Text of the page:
Accreditation of Prior Learning - APL
Applicants with significant prior professional experience in a related field may apply to the Director to have the total qualifying programme reduced. Such application must make reference to relevant fields in which the student has acquired professional competence.
Claiming your Credit
Vocational awards are of genuine value to employers, especially when recruiting new employees. However, they also have an intrinsic value in the education system: as with general degrees, possession of a vocational degree opens the way to further studies, even when the initial reason for creating them is to facilitate direct integration into the workforce.
The respective shares of general, technological and vocational content in training programs are determined through compromise, and these compromises are regularly re-examined to take account of changing needs in both the spheres where such degrees are of value: the productive sector and the educational sector.
The right to obtain qualifications on the basis of experiential learning (Accreditation of Prior Learning - APL) changes not only the methods used to assess candidates but also the very nature of what is assessed: in this case, the knowledge underpinning occupational skills is evaluated, rather than knowledge formulated from an academic standpoint.
This presupposes that the frame of reference used to define degree content shall be based on an activity and competences frame of reference, to the detriment of traditional training programs, which become a sort of derivative product that is specific to a particular learning mode: formal education (whether initial or continuing). This focus on the competence frame of reference in the APL procedure obviously raises some concern within the education system, particularly in higher education: for example, those who obtain degrees through APL are suspected of having gaps in their theoretical knowledge, which may compromise their ability to benefit from the courses of study which they are legally entitled to enter.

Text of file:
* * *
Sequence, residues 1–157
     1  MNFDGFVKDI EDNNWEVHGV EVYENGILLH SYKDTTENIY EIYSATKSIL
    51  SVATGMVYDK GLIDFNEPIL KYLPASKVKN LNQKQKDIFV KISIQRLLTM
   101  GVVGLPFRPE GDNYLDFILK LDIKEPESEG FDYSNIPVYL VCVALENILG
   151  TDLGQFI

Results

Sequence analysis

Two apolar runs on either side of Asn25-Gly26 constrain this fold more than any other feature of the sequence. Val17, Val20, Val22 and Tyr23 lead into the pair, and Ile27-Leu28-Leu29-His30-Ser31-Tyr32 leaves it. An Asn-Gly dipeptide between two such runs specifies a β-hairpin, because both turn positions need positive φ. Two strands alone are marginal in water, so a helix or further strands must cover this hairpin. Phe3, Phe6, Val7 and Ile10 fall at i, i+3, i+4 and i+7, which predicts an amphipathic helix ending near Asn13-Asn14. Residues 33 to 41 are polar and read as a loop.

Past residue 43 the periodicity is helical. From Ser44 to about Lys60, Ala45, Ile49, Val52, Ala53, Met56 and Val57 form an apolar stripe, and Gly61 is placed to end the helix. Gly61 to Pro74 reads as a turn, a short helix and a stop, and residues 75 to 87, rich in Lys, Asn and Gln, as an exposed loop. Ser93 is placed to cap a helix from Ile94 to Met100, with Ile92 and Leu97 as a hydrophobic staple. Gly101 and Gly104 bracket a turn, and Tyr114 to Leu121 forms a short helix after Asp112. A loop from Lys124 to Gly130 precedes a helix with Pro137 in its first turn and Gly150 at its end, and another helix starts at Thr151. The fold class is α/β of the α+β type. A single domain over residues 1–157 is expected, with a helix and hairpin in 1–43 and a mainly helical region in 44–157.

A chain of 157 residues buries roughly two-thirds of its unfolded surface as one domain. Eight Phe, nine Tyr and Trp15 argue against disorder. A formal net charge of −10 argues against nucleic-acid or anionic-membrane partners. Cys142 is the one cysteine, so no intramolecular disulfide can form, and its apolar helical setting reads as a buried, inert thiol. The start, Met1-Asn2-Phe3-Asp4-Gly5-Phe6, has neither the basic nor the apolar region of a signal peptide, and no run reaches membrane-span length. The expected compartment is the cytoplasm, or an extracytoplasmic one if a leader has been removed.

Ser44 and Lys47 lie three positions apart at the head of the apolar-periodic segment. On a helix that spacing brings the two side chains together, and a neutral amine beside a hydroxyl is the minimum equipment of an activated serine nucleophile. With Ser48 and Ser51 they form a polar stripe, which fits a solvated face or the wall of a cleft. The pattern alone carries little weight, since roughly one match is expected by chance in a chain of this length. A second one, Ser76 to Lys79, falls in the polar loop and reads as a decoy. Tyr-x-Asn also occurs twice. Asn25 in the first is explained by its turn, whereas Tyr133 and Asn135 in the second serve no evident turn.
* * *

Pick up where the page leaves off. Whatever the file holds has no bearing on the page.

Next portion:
As a result, the teaching community has shown some resistance to the development of APL, which could lead to a high rate of failure if teachers sitting on panels of examiners apply overly stringent standards to degree candidates. This would inevitably discourage potential candidates and doom the APL procedure to marginal status, whereas in fact the authorities wish to make it a cornerstone of the new approach to obtaining employment qualification, as part of the process of 'lifelong learning'.